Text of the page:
I can easily imagine someone with the mindset of the priest on the cruise becoming apoplectic at the suggestion that a committed gay relationship could be a blessing; yet, can we really deny that possibility?

It is a cliché, of course, but some of our best friends are gay. As I write, I am thinking of a particular couple, Richard and Frank, who have been together for many years and are still very much in love. Their relationship richly demonstrates commitment. It also offers ample evidence of the fruit of the Holy Spirit – love, joy, peace, patience, kindness, goodness, faithfulness, gentleness, self-control (Gal 5:22-23).

Can this be ignored?

Perhaps I’m grasping at straws, but I find hope in the groundbreaking work of the Council fathers at Vatican II, who drafted and approved the Decree on Ecumenism Unitatis redintegratio

That decree was written against the backdrop of the long-held Catholic view that there is no salvation outside of the Church. The Council fathers, because they could not deny the evidence of the Holy Spirit at work in separated Christian denominations, acknowledged a salvific, albeit imperfect, communion between those bodies and the Church. In so doing, they both confirmed the long-held teaching and recognized salvific degrees of incorporation/communion within the Church.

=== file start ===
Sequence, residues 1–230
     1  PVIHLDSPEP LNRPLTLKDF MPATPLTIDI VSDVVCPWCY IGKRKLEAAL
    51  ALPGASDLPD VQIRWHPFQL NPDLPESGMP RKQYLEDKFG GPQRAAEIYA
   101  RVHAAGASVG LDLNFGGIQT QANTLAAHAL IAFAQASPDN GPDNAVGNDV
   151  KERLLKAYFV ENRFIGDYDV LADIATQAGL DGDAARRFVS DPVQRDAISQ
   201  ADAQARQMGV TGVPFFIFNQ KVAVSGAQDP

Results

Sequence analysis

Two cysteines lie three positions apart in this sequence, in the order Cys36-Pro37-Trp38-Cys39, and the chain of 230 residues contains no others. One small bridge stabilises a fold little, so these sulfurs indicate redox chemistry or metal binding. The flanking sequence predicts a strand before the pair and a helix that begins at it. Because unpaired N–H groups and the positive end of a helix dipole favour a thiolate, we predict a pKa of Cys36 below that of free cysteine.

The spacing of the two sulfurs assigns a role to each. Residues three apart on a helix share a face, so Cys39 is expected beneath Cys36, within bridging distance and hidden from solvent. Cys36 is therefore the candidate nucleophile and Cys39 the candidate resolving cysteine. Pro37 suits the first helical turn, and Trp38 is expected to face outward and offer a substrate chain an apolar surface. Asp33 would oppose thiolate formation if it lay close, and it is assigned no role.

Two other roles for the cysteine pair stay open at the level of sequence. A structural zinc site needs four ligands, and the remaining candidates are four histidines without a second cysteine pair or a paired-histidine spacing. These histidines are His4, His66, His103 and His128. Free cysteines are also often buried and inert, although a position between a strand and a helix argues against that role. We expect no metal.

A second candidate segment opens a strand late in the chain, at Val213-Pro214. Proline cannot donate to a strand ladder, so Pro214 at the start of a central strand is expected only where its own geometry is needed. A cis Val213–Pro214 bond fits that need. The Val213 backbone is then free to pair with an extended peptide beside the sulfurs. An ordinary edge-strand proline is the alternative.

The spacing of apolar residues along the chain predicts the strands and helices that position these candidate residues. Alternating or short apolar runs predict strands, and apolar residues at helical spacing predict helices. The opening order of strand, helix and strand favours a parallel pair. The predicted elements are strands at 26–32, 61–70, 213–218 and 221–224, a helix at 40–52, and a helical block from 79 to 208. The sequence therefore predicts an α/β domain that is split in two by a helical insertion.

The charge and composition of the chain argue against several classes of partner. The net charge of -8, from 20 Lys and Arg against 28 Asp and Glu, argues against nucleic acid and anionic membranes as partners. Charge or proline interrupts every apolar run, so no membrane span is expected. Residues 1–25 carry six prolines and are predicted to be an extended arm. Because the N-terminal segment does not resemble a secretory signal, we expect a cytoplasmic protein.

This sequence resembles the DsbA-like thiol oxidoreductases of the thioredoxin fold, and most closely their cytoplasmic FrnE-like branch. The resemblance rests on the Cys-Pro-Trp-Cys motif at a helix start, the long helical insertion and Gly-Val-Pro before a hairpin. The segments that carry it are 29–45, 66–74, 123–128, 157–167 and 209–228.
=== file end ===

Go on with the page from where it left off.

I wonder if the Church might one day apply a similar rationale with regard to human sexuality, i.e., uphold the ideal of marriage between one man and one woman wherein every sexual expression is both procreative and unitive, but also recognize degrees of incorporation within that ideal for those of us – the majority, I suspect – who fall short of fully realizing that ideal.